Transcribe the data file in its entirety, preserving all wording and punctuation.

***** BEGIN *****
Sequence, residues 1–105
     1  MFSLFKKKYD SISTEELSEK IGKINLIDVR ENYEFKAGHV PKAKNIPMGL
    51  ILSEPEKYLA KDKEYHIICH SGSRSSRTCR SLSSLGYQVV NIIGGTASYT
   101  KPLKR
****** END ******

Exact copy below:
Sequence, residues 1–105
     1  MFSLFKKKYD SISTEELSEK IGKINLIDVR ENYEFKAGHV PKAKNIPMGL
    51  ILSEPEKYLA KDKEYHIICH SGSRSSRTCR SLSSLGYQVV NIIGGTASYT
   101  KPLKR